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Re: Corrosion-Damaged Brick Wall

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Nels,

How about:

1. Remove the outer wythe of brick to a level below lowest crack.
2. Remove effected grout and horiz. steel, clean vert. steel.
3. Install new wall anchors thru inner wythe & grout, terminating in outer
wythe space.
4. Form, reinforce and pour concrete that takes the place of the outer wythe
and parapet and engages newly installed anchors. Set 3/4" plywood form at
exterior of wall flush with exterior face of brick (form a ledge).
5. Strip forms, stucco exterior face taking advantage of the ledge.
6. Convince self and owner that this is less expensive than the injection
path.
7. Convince self and owner that this results in a repair that removes bad
material, arrests continued corrosion of existing rebar and permanently
mitigates water intrusion.

Regards,

Mark

----- Original Message -----
From: Nels Roselund <n.roselund(--nospam--at)worldnet.att.net>
To: <seaint(--nospam--at)seaint.org>
Sent: Wednesday, September 20, 2000 9:18 AM
Subject: Corrosion-Damaged Brick Wall


> I'm working on the design of a repair to a building with reinforced brick
> walls -- the walls were built with two wythes of brick separated by 1-1/2"
> to 2" thick reinforced grout.
>
> The project started out as a seismic anchorage project, and expanded when
I
> discovered longitudinal cracks at the tops of the parapets.
>
> Corrosion of the horizontal reinforcing in the top of the parapet has
> resulted in expansion of the reinforcing steel that has split the wall
from
> the top of the parapet to a bed-joint level that level that is about 16"
to
> 20" below the roof.  The separation is at the brick-grout contact plane,
> varies in width 0" at the lowest level to a width that varies from 1/32"
> 1/4" at the roof level.  The separation wanders from being adjacent to the
> inner wythe and being adjacent to the outer wythe of brick.  The general
> effect is that the outer wythe is tilted outward from the lower bedjoint
> level of the separation.
>
> I had the damaged portion of the parapet removed to the roof level.  I do
> not want to remove any more of the wall since more removal will affect the
> wall anchors and shear bolts, effectively disconnecting the walls from the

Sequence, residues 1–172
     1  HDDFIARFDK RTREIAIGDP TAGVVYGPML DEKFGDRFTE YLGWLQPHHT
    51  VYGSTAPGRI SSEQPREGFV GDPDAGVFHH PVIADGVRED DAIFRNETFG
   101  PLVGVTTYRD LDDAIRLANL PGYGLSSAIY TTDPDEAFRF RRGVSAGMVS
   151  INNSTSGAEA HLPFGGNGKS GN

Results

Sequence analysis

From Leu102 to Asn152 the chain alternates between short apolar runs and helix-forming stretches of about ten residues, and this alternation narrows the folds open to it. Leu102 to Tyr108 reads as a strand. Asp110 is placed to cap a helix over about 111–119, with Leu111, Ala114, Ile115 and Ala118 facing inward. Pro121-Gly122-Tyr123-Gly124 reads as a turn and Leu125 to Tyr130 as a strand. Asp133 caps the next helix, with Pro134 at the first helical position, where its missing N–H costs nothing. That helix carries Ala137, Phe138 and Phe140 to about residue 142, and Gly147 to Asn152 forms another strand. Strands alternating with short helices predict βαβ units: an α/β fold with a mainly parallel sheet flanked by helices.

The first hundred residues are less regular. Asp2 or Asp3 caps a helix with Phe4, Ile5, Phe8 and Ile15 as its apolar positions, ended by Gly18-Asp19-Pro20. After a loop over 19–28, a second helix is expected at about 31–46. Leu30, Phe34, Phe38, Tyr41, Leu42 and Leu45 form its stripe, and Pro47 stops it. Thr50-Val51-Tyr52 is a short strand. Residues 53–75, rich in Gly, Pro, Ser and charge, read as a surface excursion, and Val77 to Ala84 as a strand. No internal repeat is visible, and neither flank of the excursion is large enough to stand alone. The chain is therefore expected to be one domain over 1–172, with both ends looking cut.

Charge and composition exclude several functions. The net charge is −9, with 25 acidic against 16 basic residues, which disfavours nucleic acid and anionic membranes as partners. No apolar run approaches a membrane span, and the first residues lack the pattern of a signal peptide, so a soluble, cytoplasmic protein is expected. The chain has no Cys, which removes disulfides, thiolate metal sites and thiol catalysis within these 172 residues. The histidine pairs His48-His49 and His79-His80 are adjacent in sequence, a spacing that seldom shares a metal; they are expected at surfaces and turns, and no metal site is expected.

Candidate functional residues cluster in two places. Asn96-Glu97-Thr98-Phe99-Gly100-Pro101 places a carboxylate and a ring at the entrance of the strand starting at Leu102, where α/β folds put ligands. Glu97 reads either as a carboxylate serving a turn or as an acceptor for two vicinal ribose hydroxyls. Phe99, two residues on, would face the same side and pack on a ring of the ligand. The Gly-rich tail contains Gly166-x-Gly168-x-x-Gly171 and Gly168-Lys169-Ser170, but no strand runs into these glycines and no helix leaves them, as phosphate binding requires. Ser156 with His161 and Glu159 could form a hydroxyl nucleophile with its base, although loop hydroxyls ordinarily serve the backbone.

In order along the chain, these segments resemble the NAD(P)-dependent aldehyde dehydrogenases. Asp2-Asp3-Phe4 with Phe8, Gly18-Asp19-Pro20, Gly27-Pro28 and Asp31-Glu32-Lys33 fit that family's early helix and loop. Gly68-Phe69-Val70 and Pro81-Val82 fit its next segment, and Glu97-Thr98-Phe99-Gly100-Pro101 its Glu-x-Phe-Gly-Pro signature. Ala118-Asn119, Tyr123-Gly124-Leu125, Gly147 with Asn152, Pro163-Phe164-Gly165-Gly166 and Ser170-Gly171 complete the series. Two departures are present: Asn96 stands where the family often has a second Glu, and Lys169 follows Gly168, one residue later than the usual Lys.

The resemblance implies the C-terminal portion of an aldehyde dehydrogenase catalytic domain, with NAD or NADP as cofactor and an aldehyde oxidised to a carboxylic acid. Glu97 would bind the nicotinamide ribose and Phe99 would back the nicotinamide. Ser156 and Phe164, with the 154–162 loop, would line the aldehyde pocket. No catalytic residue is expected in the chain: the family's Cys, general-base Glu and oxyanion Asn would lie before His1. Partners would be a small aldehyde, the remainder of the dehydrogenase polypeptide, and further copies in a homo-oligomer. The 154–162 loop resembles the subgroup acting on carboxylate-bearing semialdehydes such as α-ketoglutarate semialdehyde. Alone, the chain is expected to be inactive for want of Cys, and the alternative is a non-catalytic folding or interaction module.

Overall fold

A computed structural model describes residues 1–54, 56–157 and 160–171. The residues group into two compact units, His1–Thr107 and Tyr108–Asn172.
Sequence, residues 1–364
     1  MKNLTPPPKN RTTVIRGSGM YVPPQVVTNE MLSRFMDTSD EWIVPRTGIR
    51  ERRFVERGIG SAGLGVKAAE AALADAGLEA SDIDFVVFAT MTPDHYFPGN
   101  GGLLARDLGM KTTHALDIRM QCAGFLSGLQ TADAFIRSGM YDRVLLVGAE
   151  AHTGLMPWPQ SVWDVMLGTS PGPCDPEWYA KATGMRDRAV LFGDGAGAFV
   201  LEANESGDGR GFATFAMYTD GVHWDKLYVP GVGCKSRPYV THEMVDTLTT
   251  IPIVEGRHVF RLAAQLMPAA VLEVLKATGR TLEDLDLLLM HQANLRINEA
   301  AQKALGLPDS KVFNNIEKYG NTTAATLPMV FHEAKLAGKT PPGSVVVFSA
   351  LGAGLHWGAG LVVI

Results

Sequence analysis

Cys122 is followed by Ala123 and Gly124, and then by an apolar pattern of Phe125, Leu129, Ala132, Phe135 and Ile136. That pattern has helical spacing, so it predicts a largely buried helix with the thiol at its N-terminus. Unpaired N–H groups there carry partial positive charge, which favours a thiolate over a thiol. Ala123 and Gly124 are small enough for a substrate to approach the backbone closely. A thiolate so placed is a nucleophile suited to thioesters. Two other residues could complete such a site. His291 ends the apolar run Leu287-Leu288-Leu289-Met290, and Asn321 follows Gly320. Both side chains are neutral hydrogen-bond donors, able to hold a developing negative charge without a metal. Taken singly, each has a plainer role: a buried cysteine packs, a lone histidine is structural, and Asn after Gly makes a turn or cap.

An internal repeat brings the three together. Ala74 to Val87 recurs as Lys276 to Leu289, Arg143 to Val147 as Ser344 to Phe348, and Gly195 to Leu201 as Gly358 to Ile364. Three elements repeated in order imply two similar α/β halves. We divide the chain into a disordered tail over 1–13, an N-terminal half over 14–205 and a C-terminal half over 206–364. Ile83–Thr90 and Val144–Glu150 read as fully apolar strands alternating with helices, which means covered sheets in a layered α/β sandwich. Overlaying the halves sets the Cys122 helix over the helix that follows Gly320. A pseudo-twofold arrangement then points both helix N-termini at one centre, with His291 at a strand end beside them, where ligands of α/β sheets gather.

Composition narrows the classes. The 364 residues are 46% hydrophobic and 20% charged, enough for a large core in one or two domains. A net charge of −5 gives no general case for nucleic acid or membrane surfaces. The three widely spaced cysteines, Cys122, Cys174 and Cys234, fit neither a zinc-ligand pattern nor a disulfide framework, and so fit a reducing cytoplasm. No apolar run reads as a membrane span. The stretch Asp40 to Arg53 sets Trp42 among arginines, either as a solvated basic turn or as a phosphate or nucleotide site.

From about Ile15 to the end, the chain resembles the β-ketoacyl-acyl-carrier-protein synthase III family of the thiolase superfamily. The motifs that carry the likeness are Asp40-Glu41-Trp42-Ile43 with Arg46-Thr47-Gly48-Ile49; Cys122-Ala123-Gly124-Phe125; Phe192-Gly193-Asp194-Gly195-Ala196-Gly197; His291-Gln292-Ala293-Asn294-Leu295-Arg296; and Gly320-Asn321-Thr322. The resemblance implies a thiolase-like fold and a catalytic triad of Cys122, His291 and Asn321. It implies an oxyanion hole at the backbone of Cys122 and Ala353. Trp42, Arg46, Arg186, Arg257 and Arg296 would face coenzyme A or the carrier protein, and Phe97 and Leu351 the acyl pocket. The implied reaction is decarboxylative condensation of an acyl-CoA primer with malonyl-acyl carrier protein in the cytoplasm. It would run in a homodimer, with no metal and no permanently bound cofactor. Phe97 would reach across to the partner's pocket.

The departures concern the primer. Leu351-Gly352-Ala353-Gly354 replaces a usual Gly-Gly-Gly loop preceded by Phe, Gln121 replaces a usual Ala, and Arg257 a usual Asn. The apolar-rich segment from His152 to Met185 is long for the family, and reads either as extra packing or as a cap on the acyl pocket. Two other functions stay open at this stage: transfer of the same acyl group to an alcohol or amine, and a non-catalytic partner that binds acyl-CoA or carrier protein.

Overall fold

> roof diaphragm.
>
> I tested two repair procedures:
> 1) injection of cementitious grout.  This requires saturation of the brick
> to keep the grout fluid enough to flow, and in any case probably will not
> reliably fill separations finer than 1/16".  I abandoned this approach
> because of the large quantities of water that needed to be injected into
the
> wall to achieve grout flow -- I expect that undetected corrosion damage is
> already progressing into the wall, and additional water may accelerate the
> process.  (Another structural engineer recommended a grout consisting of
> only superfine grout, water and a shrinkage control admixture with which
he
> says he obtained good results in a similar repair.  I have not tested this
> procedure since injection of large amounts of water is also required in
> order for this material to flow in the wall).
> 2) injection of epoxy.  Sikadur 35 is very low viscosity and seems to be
an
> effective repair material.  In this test, I had the contractor drill
> vertical holes intersecting the separation and 3 to 4 feet apart and
> injected the holes with gel epoxy to form dams that will confine the
> low-viscosity epoxy to narrow zones that can be monitored.  The low
> viscosity epoxy flow out of the wall into the attic through pin-holes in
the
> mortar joints -- I think this is because the inner mortar joints were not
> tooled, but just struck off by the mason, so those mortar joints have not
> been consolidated.
>
> Question: what is a good material to seal the unconsolidated mortar
joints.
> I'm considering something like Henry's lap cement, painted on with a stiff
> brush used to work it into the mortar.  The contractor wants something
that
> can be spray-applied.  Any suggestions?
>
> Has anyone solved this problem in another way?  Reinforced brick buildings
> are getting old, and I expect that this will become a very important
> maintenance and repair issue.
>
> Nels Roselund
> Structural Engineer
> n.roselund(--nospam--at)att.net
>
>
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